• As sociologists put it, marriage is now a capstone event instead. It’s the thing you do when your life is in shape, when you have the right amount of money —and particularly in middle and lower-income communities, when you know you have the right partner, and in many cases, when you already have a kid. Marriage is popularly a sign that your life is in order, which contributes to this renewed positioning of marriage as aspirational.
  • [Jia Tolentino said] Right. It’s the fairytale narrative run through a late-capitalist filter. You make your money, you formalize your ambitions, and then you still get rewarded with the kiss and the ring.
  •  

    [Rebecca Traister said] Despite all this, women are still not marrying at the same rate they were. You can bombard women with messages that they should be aiming for this; that they should be doing that. But you know what? They’re still not doing it. You might be able to make them feel bad about it—but this mass behavior no longer applies.

Continue reading “‘Marriage Changes When You Don’t Just Need A Warm Body and a Paycheck’: A Talk With Rebecca Traister”

Why do evangelicals lose their faith? – Podcast by Unbelievable

Why do evangelicals lose their faith? – Podcast by Unbelievable

Off to the right hand side of this blog I have a blog roll. Linked there is “Unbelievable,” a podcast by a Christian guy who normally covers topics pertinent to Christian apologetics. He usually has some pretty interesting shows.

I was (am?) a life long Christian but one who’s been doubting the faith the last few years.

I have not totally left the faith itself, but there are parts of it that I’m having trouble accepting or grasping now.

At times, I am disappointed in or by, or angered by Christians, or the behavior of other Christians. That plays into some of the struggles I’ve been having with the faith.

I don’t think I can ever hop on board the Atheist train. I don’t think atheism is intellectually feasible. It seems so devoid of hope, too. And some of its adherents seem just as fundamentalist as some religious theist types. Some of the militant atheists are also smug and condescending as all get out, traits which I have always reviled.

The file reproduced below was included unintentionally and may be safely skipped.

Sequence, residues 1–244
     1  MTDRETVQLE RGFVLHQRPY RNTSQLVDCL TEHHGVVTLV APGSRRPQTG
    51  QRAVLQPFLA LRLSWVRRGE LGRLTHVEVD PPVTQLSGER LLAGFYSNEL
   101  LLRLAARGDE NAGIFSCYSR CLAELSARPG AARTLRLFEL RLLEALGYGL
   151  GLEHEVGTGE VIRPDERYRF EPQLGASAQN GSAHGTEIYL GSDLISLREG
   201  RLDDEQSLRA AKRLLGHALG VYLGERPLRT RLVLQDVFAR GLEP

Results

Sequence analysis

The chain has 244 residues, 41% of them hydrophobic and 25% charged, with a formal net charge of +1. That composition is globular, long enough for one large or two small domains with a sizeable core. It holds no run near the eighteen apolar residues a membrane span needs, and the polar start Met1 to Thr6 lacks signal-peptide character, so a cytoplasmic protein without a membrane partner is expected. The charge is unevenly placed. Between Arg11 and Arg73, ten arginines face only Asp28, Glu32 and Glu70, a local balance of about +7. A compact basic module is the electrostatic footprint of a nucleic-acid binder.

So, this particular episode of Unbelievable looks to be pretty interesting, though I’ve not actually listened to it yet – I’ll probably listen to it later (if so, I may edit this post at a later time with my thoughts on it):

(Link):  Why do evangelicals lose their faith? Os Guinness & Rodney Wilson (pod cast / audio / radio show)

  • Christian author and cultural critic Os Guinness’ new book called “Fools Talk: Recovering the art of Christian persuasion” is aimed at helping Christians develop a confident and winsome approach to engaging those who are closed to faith.
  • He engages with ex-evangelical Rodney Wilson who has researched the reasons why evangelical Christians lose their faith in his book “Killing God” as they discuss the cultural and doctrinal barriers to embracing Christian faith.

EDIT: new post reflecting on this podcast:

—————————

Related Posts:

(Link): No Man’s Land – Between Agnosticism and Christianity / Also: It’s Emotional Not Intellectual (PART 1)

(Link):  Suffering and Misery Trend Du Jour (part 1) 

(Link): Permissiveness, Cheap Grace, and Easy Forgivism Run Amok in Christianity – Dallas Preacher Todd Wagner Says Christians Can Use Heroin / Why some Christians turn agnostic

(Link): Guilt Tripping or Shaming the Hurt Sheep to Return to Church

(Link): Why People Don’t Go To Church (various links and testimonies March 2014)

(Link): Christians Who Take the Bible Literally Cannot Agree On Much of Anything